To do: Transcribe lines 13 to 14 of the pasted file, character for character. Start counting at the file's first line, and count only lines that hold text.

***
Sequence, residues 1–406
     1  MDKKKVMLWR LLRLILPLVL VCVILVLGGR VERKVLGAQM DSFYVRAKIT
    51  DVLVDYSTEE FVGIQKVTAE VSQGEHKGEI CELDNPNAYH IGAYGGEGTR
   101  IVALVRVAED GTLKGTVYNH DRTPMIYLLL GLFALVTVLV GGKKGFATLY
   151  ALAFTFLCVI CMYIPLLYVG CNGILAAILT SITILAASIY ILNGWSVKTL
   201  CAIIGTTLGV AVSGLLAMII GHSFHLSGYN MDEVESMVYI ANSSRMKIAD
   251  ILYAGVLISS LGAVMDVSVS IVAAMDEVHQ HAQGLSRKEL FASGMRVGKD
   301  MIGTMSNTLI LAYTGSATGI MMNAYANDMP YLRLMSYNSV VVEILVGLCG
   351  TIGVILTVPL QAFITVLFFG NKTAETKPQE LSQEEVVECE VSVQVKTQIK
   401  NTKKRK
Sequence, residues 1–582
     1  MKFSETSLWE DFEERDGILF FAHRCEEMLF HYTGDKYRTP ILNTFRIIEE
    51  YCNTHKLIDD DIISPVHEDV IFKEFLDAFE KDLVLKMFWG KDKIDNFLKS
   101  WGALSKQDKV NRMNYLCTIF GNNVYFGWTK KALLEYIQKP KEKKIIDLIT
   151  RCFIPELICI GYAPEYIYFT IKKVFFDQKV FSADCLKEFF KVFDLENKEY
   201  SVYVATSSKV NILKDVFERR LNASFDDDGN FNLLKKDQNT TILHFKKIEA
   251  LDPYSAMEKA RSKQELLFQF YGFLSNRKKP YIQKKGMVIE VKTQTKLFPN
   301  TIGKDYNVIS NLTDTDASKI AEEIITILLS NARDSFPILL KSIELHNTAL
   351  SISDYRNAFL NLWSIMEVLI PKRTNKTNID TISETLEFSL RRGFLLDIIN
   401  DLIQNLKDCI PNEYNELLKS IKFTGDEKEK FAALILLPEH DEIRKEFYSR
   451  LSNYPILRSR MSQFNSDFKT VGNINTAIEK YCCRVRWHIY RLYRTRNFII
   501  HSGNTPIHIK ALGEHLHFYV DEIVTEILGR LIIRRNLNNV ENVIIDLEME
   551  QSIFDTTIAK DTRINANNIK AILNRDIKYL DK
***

    51  YCNTHKLIDD DIISPVHEDV IFKEFLDAFE KDLVLKMFWG KDKIDNFLKS
   101  WGALSKQDKV NRMNYLCTIF GNNVYFGWTK KALLEYIQKP KEKKIIDLIT